Tor, 2001, 398 pages, C$10.99 mmpb, ISBN 0-812-58969-6
John Barnes’ work may have polarized readers, but his career has been fascinating to follow. Now solidly ranked in the Science Fiction mid-list after a promising debut in the late eighties, Barnes has written everything from hard-SF blockbusters (Mother of Storms) to glorified men’s adventure (The Timeline Wars trilogy), with an orthogonal side-step in fantasy fable with One for the Morning Glory. And yet, over a career that now spans two decades, his most solid work may be the cycle initiated by Ten Thousand Doors: four novels charting the life of special operative Giraut Leones as he works in a far-flung future where humanity has colonized thousands of planets.
The first novel in the series was interesting and almost charming, but the second one (Earth Made of Glass) ended on such a terrible note that it felt like a sucker punch: The double whammy of a failed marriage and a failed mission, with the likely death of an entire planet as a consequence. Not the kind of stuff that’s worth cheering for, especially when it looked like the end of the story for Giraut.
But it wasn’t the end of the story. As The Merchants of Souls picks up, Giraut is still reeling from the aftermath of his divorce and what has since become known as “the Briand disaster”. Friends get together to cheer him up, but nothing works like getting back in the saddle again. Before he can catch his breath, Giraut is once more an Office of Special Projects operative. This time, he’s headed for Earth and its billions of inhabitants at centre of human civilization. But he’s not working alone, and this time he’s trying to stop all of human society from making a big mistake. What’s more, he has no clue who his true enemies are, or what they’re up to…
Beyond the “portal” technology linking all thousand planets together, the most distinguishing feature of Barnes’ “Thousand Cultures Universe” has been the “psypyx”, a device allowing another mind to “ride” a functioning human. This usually takes place for medical purposes, as a clone is force-grown for a psypyx personality back-up: To train their mind, resurrected personalities undergo a period of apprenticeship by re-learning human skill in someone else’s skull. Perhaps the best thing about The Merchant of Souls is how it plays with the concept, both as a plot driver and as am innovative feature of the narration.
Giraut gets fitted with a psypyx not only to help out a friend who is about to be re-born, but also to demonstrate (on OSP’s orders) something vital to the teeming population of Earth. As humanity has retreated further and further in entertainment-driven lives, some are pushing for psypyx exploitation: imagine the lure of millions of lives saved on silicon, ready to be popped into the entertainment console for cheap thrills. The fact that those are human lives and not ready-made casual entertainment barely resonates among those pushing for the exploitation of that particular natural resource: in fact, they’re denying that psypyx images are even sentient. Giraut, allowing an old childhood friend (Raimbaut) access to his mind and body, hopes to convince the decision-makers that this isn’t the case. From a special operative, he’s reluctantly forced into the role of a lobbyist.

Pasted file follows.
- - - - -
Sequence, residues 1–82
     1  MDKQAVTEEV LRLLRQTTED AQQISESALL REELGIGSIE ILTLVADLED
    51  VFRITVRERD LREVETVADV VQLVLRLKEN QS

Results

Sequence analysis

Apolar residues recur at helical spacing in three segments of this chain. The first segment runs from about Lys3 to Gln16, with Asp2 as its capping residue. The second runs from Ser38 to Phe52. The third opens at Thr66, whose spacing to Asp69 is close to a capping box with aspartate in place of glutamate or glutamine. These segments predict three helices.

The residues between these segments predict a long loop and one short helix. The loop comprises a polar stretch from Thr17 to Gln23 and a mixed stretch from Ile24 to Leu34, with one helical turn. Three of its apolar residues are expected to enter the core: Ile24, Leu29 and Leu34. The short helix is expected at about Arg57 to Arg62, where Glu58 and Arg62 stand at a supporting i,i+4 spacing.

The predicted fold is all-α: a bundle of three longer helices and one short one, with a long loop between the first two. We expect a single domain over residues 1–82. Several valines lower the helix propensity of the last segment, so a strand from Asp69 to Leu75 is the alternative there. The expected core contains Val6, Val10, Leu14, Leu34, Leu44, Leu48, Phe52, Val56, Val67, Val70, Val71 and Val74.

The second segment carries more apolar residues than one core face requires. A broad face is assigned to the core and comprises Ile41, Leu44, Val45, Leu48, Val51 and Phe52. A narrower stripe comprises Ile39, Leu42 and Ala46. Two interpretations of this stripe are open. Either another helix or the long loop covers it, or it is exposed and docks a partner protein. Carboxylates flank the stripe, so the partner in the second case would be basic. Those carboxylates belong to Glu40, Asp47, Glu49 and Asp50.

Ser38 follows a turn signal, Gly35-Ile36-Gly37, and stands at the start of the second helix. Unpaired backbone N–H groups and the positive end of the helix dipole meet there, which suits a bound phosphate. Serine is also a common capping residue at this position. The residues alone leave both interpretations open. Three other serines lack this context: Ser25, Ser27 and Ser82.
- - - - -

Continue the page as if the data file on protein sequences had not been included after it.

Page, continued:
And so The Merchants of Souls goes on, with the added narrative twist that the tale is told by two narrators sharing a single body. This makes for curious scenes and ellipses, as Giraut may go to sleep just to allow Raimbaut to do his thing (or vice-versa). Hilarity ensues when both of them end up falling for different women. While the mechanics of body-sharing can be a cause for some head-scratching, it adds another layer of interest to a novel that, for a long time, seems to spin its wheels.
Let’s be clear about this: The Merchants of Souls is never dull, but there are times, especially in the middle third, where it looks as if the plot is just idling and waiting for something to happen. If it’s an intentional ploy, it works remarkably well: When the third act kicks in, it does so with an event so shocking that it sends the novel spinning in another direction entirely. Suddenly, psypyx-drilling becomes a front for something much more dangerous. While this part of the tale isn’t flawless (Barnes can be a bit abrupt and gloss over crucial details when the action starts firing up), it strengthens what had been, up until then, a moderately good but unspectacular SF novel.
It also made me reconsider a number of things I didn’t initially enjoy about the series. Now that I’ve seen where Barnes intended to go with this book, Earth Made of Glass suddenly feels a lot more appropriate as a step away from the innocence of the first novel. With its juiced-up ending, The Merchants of Souls fulfils its potential and promises much for the fourth volume, The Armies of Memory, which made it in bookstores as I was reading this volume. You can be sure that it’s going on the pile of things to read.